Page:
Fracking was once a small part of the natural gas industry, a technique to get hard-to-reach deposits in underground shale. Then the technology improved, and the dinner bell rang. Everybody wanted in. Now there's so much gas on the market that the price is at a 10-year low.
Kano, the largest city in Nigeria's Muslim north, is an ancient, sprawling city of more than 9 million. Last Friday, the Muslim day of prayers was shattered by a series of coordinated bomb blasts.
Just down the street from one of the main market areas in the city, the street remains blocked off from a police station hit in the attacks. The radical Islamist sect Boko Haram claimed responsibility.
Sagir Ali, a security guard at a parking lot at the market, says he watched as nearby government offices were attacked.
A problem with sanctions is they don't always work as intended.
If the U.S. and Europe don't buy Iran's oil, but other countries pick up the slack, for example, nothing is accomplished. Or if some Iranian oil is taken off the market but the price goes up, Iran could earn just as much from its oil even though it is selling less.
Newt Gingrich celebrated his win in the South Carolina primary with a fundraising blitz — a two-day push to raise as much money as possible. The campaign says it brought in $2 million. That money will come in handy in Florida. But the need for quick fundraising shows the precarious state of the Gingrich campaign's finances.
Natural gas is burned off next to an oil well being drilled at a site near Tioga, N.D., in August. U.S. oil production started increasing a few years ago and is predicted to continue to rise, reducing the country's dependence on oil imports.
With New York's legalization of same-sex marriage effectively doubling the number of Americans living in states where gays can marry, gay advocates like to say 2011 was a big year.
It's hard to imagine another doubling this year, but proponents are still hoping to build on last year's success. Same-sex marriage is currently legal in six states plus Washington, D.C., and it may come up for a vote in six more. All the while, legal challenges are pushing the issue closer to getting an opinion from the U.S. Supreme Court.
The more exposure children have to chemicals called perfluorinated compounds, the less likely they are to have a good immune response to vaccinations, a study just published in JAMA, the Journal of the American Medical Association shows.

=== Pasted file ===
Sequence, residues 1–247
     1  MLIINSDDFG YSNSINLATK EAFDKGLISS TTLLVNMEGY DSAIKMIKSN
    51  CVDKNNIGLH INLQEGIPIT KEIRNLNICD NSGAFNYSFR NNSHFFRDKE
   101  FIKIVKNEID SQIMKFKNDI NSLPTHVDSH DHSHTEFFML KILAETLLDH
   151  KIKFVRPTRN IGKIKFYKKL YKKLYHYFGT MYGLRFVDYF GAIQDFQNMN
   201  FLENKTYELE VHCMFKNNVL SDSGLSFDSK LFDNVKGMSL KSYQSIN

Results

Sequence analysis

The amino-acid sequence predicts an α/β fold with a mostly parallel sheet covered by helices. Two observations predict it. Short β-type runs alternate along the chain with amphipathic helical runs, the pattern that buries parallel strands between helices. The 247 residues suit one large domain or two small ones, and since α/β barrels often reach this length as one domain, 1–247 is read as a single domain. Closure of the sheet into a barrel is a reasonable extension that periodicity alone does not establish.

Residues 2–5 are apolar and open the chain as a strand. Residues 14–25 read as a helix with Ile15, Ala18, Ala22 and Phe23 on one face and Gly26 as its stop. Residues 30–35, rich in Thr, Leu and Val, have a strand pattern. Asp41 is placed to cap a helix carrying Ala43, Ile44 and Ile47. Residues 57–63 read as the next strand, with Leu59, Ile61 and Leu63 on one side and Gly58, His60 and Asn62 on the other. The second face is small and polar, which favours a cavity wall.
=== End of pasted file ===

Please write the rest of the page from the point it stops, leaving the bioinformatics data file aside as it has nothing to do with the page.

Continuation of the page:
The finding suggests, but doesn't prove, that these chemicals can affect the immune system enough to make some children more vulnerable to infectious diseases.
Laura Lorson is an All Things Considered host for Kansas Public Radio as well as a director, producer and editor.
Another football season is winding down, college basketball is uninteresting until the tournament, pro basketball is rather dull. It will be a while before pitchers and catchers show up for spring training. But fortunately for all of us, we are smack in the middle of cold and flu season.
Google will begin allowing users to add nicknames on Google+, Bradley Horowitz, the vice president of product at Google's social network said Tuesday.
True pseudonyms are still verboten on the network unless you go through an application process. To earn the right not to use your real name on Google+ you will have to prove you already have an online following that knows you that way.
You might have heard about a major solar storm that is hitting Earth right now. It's the biggest to hit us since 2005. You've also probably heard a few pople say, "I didn't feel anything."
As our friends at 13.7explained earlier today, the storms have the ability to disrupt sensitive electronics and even the power grid. Usually none of those things happen. But, today's solar storm did cause a bit of disruption.
Slab City is an informal community in the California desert on the site of a former WWII artillery range. The recent recession has sent the town a new wave of people who have fallen on hard times and are looking to escape the burdens of modern life.
Credit Gloria Hillard / For NPR
Eighteen-year-old Allie Neill and 20-year-old Eliza Aseltine sit on the front steps of Neill's family's RV in Slab City, Calif. Slab City is an informal, off-the-grid community in the California desert.
There are no signs leading to Slab City. From Los Angeles you head east deep into the desert, and then south, past the Salton Sea. For years, a diverse group of people has been drawn to the abandoned Marine base, but the troubled economy has driven even more travelers to the place dubbed "The Last Free Place in America."
Following the tire tracks of countless RVs, trailers, vans and campers, you pass a landscape of the vehicles that have taken root here, their tires now soft on the desert floor.
In just one year in office, Ohio Gov. John Kasich made some big changes in his state, based on his conservative, business-backed ideas. But he also suffered a massive defeat when the collective bargaining reform law he supported was overwhelmingly rejected by voters. But that's not stopping him from pushing forward with new ideas in his second year.